Nkala is a Brethren in Christ Church leader and contributor to the first volume of A Global Mennonite History.
She believes the church is best able to address the violence in various African countries by emphasising forgiveness and reconciliation, and by banding together with other church voices including mainline, Evangelical Fellowship and Roman Catholic groups to speak to governments with one message. Nkala is a mistress of ceremonies at Mennonite World Conference 14th Assembly in Bulawayo.
Milidzani Faith Masiye-Moyo
Masiye-Moyo is a legal practitioner and has worked for the Botswana government as a senior magistrate (May 2003 to February 2013) and Bulawayo municipality between 2000 and 2003 as a legal officer. She is currently running a law firm in Bulawayo.
Her skills include legal research, criminal law, litigation, civil litigation, criminal defence, trial practice, corporate law, legal writing, personal injury, property law, human rights and international law.
She speaks five languages including Kalanga, Setswana, English, Ndebele and Shona. She also understands Xhosa, Zulu and Sotho. Masiye-Moyo is holder of Bachelor of Laws (LLB) law (1994-1997).
Musvota has been a pastor for 15 years. She is a director of the African Peace and Business Fellowship and also a secretary for her church’s women’s body.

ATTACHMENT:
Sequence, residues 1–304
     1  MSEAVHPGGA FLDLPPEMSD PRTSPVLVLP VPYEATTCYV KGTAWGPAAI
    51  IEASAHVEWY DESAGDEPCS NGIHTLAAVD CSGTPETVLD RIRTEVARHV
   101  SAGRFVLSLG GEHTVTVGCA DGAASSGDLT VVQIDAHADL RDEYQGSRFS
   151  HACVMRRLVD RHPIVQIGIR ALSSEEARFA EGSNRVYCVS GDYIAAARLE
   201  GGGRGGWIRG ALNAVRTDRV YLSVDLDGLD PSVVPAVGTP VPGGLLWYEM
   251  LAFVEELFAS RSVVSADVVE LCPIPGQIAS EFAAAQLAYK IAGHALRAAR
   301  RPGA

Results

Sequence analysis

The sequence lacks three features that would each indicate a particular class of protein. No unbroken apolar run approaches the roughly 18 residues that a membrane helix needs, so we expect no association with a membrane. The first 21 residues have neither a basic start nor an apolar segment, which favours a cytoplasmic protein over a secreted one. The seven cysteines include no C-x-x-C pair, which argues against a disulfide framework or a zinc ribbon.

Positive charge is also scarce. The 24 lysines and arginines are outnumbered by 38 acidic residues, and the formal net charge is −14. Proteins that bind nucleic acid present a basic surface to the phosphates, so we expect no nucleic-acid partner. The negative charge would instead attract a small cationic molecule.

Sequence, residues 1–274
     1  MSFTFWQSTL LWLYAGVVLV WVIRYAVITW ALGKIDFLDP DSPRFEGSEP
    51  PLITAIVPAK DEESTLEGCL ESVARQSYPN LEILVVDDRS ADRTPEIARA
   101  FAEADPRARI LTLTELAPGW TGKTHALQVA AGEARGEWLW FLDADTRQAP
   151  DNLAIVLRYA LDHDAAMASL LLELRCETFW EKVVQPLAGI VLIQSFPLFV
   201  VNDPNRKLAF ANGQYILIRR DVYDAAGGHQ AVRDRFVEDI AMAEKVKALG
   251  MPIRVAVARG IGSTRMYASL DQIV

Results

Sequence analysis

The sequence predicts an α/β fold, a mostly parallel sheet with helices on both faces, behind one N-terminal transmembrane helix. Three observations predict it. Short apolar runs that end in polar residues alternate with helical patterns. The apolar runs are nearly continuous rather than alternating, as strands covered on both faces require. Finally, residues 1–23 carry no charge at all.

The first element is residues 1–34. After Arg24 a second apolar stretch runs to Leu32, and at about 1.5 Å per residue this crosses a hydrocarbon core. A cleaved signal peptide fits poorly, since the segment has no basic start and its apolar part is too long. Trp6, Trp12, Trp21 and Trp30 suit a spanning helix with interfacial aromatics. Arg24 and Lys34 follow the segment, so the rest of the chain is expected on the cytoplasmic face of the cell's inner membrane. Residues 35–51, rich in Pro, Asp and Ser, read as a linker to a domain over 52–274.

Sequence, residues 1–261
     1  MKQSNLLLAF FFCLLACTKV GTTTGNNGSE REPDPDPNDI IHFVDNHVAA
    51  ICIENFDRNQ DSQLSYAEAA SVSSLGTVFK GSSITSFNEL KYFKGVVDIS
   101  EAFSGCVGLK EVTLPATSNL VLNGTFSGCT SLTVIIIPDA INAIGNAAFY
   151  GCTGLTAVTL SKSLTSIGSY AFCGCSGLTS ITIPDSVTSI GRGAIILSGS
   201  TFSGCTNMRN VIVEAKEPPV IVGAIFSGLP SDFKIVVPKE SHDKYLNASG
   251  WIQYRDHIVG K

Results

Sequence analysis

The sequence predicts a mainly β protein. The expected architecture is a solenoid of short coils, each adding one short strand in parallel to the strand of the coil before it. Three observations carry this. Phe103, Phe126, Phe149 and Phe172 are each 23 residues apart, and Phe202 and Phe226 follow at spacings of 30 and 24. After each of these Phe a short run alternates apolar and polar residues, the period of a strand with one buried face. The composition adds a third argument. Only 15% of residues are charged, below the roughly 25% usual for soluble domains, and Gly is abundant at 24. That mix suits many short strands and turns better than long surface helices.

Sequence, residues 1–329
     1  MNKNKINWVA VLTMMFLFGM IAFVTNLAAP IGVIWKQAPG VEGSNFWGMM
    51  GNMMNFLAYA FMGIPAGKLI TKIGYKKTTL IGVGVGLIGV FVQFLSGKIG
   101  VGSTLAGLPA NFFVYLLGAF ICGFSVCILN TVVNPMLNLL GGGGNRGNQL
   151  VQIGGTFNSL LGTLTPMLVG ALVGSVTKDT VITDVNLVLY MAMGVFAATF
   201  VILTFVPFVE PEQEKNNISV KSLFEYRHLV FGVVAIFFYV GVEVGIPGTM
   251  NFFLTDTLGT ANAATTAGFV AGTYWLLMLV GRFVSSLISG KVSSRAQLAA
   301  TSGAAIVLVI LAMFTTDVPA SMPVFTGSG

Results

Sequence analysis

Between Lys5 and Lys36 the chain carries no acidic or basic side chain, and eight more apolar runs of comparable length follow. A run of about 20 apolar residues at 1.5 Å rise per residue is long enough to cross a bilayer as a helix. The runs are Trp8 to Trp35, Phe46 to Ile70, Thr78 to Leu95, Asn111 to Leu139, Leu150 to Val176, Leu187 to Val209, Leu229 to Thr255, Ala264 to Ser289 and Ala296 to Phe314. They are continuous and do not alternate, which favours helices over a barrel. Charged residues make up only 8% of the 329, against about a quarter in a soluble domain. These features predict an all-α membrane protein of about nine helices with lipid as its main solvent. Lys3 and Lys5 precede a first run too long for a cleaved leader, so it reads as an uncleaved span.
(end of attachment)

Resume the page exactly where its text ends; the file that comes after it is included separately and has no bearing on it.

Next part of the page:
She once worked at Forward in Faith International. She studied at the Alternative Medicine Family Care Centre.
Sebata is a retired educationist and a retired electoral officer. She is a former director for the voter education department at the Zimbabwe Electoral Commission. She is hoping to go back to lecturing, having previously lectured at various colleges.
Chigwedere is the Marondera district chairperson for the Indigenous Women Farmers Association Trust. She has worked as a consultant psychologist and is currently a full-time farmer in Marondera District.
She has worked with NGOs, the Zimbabwe Open University and University of Zimbabwe lecturing in the counselling and psychology departments.
Lillian is wife to Stansilus Chigwedere, the late former career ambassador.
Moyo retired from the National Railways of Zimbabwe in 2013 on early retirement. She is currently studying with the Zimbabwe Open University for a Master of Science Degree in Peace, Leadership and Conflict Resolution.
Moyo is attached to a faith-based organisation called Grace to Heal which deals with conflict resolution and conflict transformation and peace building in the rural Matabeleland region. She is also a volunteer at an organisation called Precious Life Foundation, a shelter for young mothers and their children from abusive relationships.
Nyoni lives in Bulawayo and is self-employed. He didn’t state much about his background.
Tofa is married with three children and is a legal practitioner by profession employed at Ratisai Law Firm. During the drafting of the country’s new constitution she represented the MDC formation led by Welshman Ncube in the drafting team.